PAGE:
The Veho VSS-009-360BT 360 M4 Bluetooth Wireless Speaker packs loud, crystal-clear audio into a tiny package, and even accepts microSD cards so you don't even need a smartphone to play tunes. But $99.95 is a lot to pay for a wireless speaker. Is the Veho worth the investment?
At just 2.6 x 2.3 x 2.3 inches, Veho's tiny cylindrical speaker fits into the palm of our hand. Its sleek, circular black-and-silver design is 5.3 ounces and crams two 2.2-watt speakers inside, protected by a metal grille. Among the lightest speakers we've tested, it's also only a bit taller than the DBEST PS4003BT Duo, which measures 2.4 x 2.4 x 1.7 inches.
A silver aluminum ring on the bottom of the Veho contrasts the mostly black design, and the silver Veho logo is right above that silver ring. On the bottom of the back you'll find the USB port (for the included USB power cable), a microSD card slot and an aux-in jack. The microSD card slot (the Veho supports up to 16GB) is a nice addition -- even if you don't have another device handy, you can still use the speaker.
On the bottom of the speaker lies a switch where you can select between microSD/Line in or Bluetooth. There's also a reset button here. On the top, the power button lays in the center, surrounded by four others: a button to skip to the next track, a button to go to the previous track, and volume. All the buttons, as well as a ring encircling them, light up blue upon turning the device on.
After charging the Veho, we turned it on and flipped the switch on the bottom of the device to Bluetooth; the speaker made a noise to indicate it was in pairing mode. We then paired the device with our iPhone -- we had to enter a four-digit code, an extra step removed by other Bluetooth speakers -- after which the device paired almost instantly. To turn the device on and off, we just held the power button down for 1 to 2 seconds.
We truly enjoyed the VSS-009-360BT's sound. Tracks such as Maroon 5's "Payphone" came through crystal clear. We felt like we were right next to Adam Levine as he bashed love songs with his high-pitched vocals. Kanye West's "Mercy" also rang loud and clear, with the sound easily filling up a large room at full volume. In fact, we could even hear the track from the next room with the door closed. However, those who like more bass will prefer the Satechi ST-69BTS; although audio wasn't as defined, it had a much greater lower end.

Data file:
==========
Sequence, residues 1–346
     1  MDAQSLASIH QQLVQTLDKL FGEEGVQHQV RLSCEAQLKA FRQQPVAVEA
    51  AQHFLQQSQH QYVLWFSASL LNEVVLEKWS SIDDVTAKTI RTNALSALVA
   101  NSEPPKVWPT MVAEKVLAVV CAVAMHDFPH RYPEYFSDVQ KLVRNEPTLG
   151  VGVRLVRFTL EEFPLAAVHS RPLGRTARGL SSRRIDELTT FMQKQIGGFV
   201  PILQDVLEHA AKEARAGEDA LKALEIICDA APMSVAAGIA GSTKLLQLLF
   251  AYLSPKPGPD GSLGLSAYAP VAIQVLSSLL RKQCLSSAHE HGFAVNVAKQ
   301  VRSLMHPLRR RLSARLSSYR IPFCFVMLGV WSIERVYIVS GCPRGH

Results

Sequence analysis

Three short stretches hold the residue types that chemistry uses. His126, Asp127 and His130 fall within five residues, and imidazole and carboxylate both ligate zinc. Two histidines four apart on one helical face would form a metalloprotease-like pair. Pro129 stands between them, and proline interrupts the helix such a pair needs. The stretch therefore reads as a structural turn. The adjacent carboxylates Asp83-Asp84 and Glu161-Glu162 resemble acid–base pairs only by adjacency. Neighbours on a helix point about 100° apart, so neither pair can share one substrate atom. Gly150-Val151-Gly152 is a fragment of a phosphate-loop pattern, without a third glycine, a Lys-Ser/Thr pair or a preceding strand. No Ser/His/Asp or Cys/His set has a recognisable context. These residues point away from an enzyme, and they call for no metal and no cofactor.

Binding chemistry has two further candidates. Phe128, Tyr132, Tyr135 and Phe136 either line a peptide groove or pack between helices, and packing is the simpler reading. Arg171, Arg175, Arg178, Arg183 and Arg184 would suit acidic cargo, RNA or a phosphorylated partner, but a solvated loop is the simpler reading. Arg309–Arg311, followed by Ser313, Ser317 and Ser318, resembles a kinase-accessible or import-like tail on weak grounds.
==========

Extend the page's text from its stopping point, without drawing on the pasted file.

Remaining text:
When we left the Veho on for a while without playing audio, it beeped intermittently, reminding us that it was still on.
Veho says the VSS-009-360BT provides only 2 hours of constant playback via Bluetooth. In our testing the speaker lasted a longer 2 hours and 45 minutes at 60 percent volume. While that's longer than Veho's claim, it's about 20 hours less than the DBEST PS4003BT Duo, and not even close to the second shortest battery life, the iHome iDM11's 5:25. The Satechi Audio Cube lasted 7:51. Bummer.
When we charged the speaker, it took us a little more than 2 hours, which is in line with the company's claim.
We love with the Veho VSS-009-360BT's audio performance and appreciate its compact and stylish design. However, we ultimately can't recommend this speaker because of its short battery life. And at $99.95, this device costs about twice as much as some competing products. For that price, you could get two Satechi ST-69BTS Audio Cubes and really crank out the tunes.